It seems like spring will never come, but the approach of daylight saving time signals it's getting close. The National Highway Traffic Safety Administration also wants the time we change our clocks to signify the time we check for open vehicle recalls.
Most Americans will set their clocks forward this coming Sunday morning, as well as check their smoke-detector batteries, but NHTSA is reminding the public to also use this transition time to check vehicles for open recalls as part of the administration's Safe Cars Save Lives Check for Recalls campaign.
Through its website, you can use the agency's vehicle identification number lookup tool to see if your car is under a recall. You can also sign up at NHTSA.gov/Alerts to be notified by email if your vehicle is affected by a future recall.
To find your vehicle's VIN, look on your registration card, the driver-side doorjamb or the driver-side dashboard near the windshield. Snap a photo of it with your phone to make referencing it easier.
According to NHTSA, in 2017, 813 new vehicle safety recalls affected more than 30 million vehicles in the U.S., and many go unrepaired. In fact, NHTSA reports that every year, on average, 25 percent of recalled vehicles are left unrepaired, putting millions of motorists in harm's way.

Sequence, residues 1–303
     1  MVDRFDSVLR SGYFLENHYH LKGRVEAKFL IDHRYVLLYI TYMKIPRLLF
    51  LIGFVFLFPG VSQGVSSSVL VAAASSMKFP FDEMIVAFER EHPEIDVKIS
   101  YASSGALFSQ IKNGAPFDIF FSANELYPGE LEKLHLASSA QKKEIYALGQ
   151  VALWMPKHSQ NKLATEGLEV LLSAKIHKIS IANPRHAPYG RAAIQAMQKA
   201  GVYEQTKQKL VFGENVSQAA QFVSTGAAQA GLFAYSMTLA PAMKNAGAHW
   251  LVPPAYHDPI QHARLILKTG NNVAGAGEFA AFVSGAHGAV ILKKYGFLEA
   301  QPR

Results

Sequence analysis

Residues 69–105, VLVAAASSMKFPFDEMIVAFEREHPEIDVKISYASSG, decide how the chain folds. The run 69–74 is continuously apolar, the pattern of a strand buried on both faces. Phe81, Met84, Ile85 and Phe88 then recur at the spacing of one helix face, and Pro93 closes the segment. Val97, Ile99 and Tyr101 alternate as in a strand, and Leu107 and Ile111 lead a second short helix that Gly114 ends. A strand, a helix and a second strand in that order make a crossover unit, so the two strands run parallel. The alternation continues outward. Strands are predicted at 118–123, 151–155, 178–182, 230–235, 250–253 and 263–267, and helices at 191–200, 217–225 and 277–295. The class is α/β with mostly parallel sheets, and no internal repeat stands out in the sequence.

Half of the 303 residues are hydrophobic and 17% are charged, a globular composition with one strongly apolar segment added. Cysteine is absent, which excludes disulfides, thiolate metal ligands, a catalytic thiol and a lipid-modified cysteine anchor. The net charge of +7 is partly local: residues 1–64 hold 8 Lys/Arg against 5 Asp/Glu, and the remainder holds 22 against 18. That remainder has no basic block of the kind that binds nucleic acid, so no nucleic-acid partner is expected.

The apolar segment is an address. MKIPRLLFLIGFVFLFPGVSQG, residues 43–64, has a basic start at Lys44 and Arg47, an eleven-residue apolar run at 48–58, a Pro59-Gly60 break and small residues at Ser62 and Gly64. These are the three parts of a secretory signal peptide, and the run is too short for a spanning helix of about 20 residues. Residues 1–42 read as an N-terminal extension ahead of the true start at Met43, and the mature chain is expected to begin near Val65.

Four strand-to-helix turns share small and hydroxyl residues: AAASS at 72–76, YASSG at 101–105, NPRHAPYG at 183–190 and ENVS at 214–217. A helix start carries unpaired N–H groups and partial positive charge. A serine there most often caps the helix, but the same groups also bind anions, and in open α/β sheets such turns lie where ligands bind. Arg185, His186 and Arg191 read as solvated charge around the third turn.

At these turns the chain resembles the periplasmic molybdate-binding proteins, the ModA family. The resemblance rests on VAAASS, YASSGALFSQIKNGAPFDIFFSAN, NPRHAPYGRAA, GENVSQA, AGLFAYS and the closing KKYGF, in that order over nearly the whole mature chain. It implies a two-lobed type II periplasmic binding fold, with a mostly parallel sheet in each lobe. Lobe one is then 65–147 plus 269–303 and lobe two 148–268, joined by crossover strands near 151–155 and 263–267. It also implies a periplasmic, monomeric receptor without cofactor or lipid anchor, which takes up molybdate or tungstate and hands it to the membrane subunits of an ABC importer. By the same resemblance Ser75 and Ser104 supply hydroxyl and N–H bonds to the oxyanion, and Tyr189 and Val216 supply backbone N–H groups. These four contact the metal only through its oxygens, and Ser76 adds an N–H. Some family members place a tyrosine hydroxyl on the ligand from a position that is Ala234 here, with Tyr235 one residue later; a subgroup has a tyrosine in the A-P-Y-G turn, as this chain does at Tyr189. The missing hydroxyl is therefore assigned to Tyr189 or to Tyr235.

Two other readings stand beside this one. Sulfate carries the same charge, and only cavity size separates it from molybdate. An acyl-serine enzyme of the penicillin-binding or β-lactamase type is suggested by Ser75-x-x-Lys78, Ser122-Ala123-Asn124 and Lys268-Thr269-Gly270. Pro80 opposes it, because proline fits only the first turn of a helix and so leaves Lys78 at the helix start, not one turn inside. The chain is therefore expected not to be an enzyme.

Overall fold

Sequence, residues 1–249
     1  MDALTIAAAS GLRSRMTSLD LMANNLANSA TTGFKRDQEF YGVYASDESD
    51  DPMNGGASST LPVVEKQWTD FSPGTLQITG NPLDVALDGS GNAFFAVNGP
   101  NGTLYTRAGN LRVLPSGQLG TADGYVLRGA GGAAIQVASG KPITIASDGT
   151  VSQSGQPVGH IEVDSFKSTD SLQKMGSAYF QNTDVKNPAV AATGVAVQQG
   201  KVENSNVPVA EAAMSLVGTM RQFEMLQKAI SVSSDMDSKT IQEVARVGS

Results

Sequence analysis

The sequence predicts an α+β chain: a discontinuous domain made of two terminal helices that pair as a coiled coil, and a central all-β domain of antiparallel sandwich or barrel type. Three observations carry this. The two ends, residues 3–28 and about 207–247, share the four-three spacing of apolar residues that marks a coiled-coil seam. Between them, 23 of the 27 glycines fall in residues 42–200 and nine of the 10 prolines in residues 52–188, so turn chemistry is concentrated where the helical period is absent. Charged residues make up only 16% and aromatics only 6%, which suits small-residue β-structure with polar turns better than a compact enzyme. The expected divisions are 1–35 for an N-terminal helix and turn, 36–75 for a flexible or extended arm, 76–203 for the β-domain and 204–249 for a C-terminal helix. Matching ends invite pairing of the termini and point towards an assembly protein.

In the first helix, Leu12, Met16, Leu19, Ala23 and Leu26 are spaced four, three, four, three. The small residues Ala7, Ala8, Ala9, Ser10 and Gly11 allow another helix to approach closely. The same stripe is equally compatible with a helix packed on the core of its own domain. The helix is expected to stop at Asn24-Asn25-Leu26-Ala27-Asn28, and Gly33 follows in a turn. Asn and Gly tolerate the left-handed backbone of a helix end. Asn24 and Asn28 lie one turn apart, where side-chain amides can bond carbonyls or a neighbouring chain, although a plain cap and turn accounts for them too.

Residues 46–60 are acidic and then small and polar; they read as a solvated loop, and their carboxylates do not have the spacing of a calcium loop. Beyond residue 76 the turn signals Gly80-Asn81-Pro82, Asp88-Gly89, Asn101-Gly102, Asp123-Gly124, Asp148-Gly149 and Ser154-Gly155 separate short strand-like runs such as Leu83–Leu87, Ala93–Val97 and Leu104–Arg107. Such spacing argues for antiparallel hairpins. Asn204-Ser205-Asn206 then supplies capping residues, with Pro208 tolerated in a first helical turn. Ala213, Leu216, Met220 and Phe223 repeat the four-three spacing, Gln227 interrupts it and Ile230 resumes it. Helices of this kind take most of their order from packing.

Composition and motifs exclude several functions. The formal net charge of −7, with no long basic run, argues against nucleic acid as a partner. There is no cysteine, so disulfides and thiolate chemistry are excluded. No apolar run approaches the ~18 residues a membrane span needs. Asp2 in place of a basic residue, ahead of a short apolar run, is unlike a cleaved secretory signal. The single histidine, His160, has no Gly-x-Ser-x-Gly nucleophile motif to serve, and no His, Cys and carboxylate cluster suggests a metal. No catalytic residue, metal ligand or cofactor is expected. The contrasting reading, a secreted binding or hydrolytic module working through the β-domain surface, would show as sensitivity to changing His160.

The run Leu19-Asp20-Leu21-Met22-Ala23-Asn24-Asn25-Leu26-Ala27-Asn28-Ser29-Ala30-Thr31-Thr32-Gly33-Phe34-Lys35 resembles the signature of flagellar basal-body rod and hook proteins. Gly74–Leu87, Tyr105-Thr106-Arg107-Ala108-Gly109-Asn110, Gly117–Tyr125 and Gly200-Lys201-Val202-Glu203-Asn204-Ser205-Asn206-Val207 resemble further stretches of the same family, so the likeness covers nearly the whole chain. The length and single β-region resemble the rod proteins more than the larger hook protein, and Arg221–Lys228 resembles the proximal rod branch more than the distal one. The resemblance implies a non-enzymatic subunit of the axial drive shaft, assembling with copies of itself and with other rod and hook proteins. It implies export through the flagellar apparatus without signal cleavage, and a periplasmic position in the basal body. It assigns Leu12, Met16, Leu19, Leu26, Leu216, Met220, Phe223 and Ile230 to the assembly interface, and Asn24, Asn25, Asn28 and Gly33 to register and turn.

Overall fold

"Be sure that you are keeping yourself and your family safe, check your vehicle for important safety recalls today," Heidi King, NHTSA deputy administrator, said in a statement. "Did you know that you don't have to pay to fix safety recalls? Please visit NHTSA.gov/recalls to find out if your car or truck has an outstanding recall, and call your dealership for your free repair."
While daylight saving time gives us some extra time with the sun each day, it also robs us of an hour's sleep on the day it happens — and when your sleep schedule is thrown off, that can cause a safety hazard behind the wheel. Only about a third of U.S. drivers get the recommended amount of sleep each night as it is, so losing yet another hour moves them even deeper into the danger zone.
A recent report from the AAA Foundation for Traffic Safety concluded that the percentage of traffic crashes involving drowsy drivers is nearly eight times higher than federal estimates indicating that fatigue accounts for only 1 or 2 percent of such collisions. So watch yourself this weekend for signs of drowsy driving, and get tips for how to avoid trouble here.
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